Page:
Letter to the Editor
Iwatched Paul Grignon’s "Money as Debt" today. Thought it was excellent. It presented a very watchable and clear explanation of why our present monetary system is unacceptably lethal. It also presented a strong case for an alternative system based on the government spending money into existence that would be both more equitable and sustainable . However, like many advocates of monetary reform, it didn’t offer any real solutions as to how the transition from one system to the other could be achieved either practically or politically. The allusions to conspiracies centred on a "a few powerful men" are not helpful – even if they are grounded in truth: the power of such men is only as strong as the system of conventional values and beliefs that prevail in our society. Change that mindset and the reality of our world changes.
Thinking about what needs to change, I am intrigued by the question "How big should the stock of money be?" The current levels of money supply in many countries - in the order of 100% of GDP plus – are, to my mind, grotesquely excessive. For example, my personal money supply – my bank balance – doesn’t need to be more than a month’s salary – i.e. 8% of my net income max. As most people and businesses operate on a monthly cash flow cycle, this suggests that the overall money supply doesn’t need to be much more than 20% of GDP – so what is the rest of the money supply doing? Answer - it it is probably inflating asset values and fuelling speculative trading in financial instruments and derivatives – creating a massive burden of debt on the productive economy in the process. I suspect that to be truly effective, monetary reform cannot simply substitute government issued money for debt-based money over a period of time: it needs to find a way of reducing the money supply by cancelling debt – e.g. by declaring a jubilee – but in a way that the productive economy and the vulnerable members of society are insulated from the consequent monetary deflation. Ideally the impact of debt elimination should be borne solely by the overblown financial markets.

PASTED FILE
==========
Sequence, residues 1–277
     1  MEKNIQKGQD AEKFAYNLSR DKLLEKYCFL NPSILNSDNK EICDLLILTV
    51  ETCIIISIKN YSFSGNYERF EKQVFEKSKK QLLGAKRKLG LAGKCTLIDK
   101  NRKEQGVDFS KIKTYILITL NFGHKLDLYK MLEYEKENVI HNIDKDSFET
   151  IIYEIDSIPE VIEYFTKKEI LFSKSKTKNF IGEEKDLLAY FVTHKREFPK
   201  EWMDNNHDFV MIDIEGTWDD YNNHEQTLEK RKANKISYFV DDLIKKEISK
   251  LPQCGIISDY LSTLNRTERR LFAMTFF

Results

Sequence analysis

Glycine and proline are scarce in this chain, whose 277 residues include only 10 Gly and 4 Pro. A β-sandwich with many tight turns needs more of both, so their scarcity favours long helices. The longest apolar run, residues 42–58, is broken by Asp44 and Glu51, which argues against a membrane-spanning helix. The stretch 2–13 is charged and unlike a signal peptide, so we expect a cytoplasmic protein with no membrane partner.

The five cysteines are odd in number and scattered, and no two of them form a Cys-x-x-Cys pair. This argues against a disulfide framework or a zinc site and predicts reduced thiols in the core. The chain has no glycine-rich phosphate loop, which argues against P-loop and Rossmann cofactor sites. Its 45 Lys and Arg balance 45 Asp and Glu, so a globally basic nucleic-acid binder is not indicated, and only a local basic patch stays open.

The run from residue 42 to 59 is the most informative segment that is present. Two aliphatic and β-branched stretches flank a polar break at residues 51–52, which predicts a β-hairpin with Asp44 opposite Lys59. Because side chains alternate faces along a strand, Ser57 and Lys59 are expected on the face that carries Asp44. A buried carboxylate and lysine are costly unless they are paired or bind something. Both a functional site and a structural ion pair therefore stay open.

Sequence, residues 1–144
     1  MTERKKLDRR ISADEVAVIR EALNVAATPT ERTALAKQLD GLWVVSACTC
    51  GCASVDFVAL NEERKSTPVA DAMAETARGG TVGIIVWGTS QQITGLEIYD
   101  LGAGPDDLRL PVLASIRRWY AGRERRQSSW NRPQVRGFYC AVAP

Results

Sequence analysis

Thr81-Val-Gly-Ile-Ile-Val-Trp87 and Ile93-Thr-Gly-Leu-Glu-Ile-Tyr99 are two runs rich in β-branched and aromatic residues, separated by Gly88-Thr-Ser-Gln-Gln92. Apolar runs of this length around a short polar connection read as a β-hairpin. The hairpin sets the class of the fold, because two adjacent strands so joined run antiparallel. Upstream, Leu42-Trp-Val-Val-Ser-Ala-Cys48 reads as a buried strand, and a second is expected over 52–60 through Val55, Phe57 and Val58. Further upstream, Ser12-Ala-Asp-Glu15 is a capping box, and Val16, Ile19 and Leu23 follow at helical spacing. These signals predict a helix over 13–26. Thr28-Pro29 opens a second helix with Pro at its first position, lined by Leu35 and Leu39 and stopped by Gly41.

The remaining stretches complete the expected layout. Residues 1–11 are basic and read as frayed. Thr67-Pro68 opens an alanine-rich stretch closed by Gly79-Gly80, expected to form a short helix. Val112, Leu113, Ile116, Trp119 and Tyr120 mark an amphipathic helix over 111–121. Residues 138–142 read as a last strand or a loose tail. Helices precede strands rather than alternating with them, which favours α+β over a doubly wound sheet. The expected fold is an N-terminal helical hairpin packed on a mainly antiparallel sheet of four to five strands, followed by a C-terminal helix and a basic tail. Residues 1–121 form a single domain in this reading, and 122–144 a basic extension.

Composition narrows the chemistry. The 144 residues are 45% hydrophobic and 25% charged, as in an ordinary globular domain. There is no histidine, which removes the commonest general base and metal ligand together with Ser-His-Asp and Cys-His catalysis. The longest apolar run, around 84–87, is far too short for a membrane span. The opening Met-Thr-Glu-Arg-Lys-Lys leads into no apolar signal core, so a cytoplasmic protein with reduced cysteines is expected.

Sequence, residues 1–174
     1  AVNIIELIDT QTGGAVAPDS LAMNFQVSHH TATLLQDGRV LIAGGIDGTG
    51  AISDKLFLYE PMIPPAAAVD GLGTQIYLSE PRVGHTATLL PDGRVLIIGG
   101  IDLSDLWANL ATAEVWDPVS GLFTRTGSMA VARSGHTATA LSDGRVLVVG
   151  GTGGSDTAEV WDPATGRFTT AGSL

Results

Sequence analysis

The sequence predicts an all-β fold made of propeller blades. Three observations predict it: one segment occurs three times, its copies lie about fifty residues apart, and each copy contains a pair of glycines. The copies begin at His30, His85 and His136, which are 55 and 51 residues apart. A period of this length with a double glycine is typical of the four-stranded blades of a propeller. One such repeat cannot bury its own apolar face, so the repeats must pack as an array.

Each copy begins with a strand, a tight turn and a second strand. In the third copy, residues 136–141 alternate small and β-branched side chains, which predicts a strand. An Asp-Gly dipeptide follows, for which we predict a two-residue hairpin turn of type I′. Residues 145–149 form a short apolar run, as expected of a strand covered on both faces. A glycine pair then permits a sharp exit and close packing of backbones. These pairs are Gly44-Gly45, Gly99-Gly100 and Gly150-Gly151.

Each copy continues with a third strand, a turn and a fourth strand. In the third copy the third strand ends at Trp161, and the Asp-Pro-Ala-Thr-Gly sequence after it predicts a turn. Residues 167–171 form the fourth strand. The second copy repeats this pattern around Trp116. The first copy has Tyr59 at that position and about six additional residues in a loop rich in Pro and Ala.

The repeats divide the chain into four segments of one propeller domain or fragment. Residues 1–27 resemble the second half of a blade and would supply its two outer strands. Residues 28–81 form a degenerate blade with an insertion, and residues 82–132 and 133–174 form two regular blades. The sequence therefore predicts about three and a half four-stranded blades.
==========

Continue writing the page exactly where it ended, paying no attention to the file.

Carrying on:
In other words, how can we eliminate the debt that fuels the speculative bubble without damaging the real economy and the savings of ordinary people? Any thoughts?
[I can now supply copies of Money as Debt at £3 each, plus 50p p&p - Brian Leslie]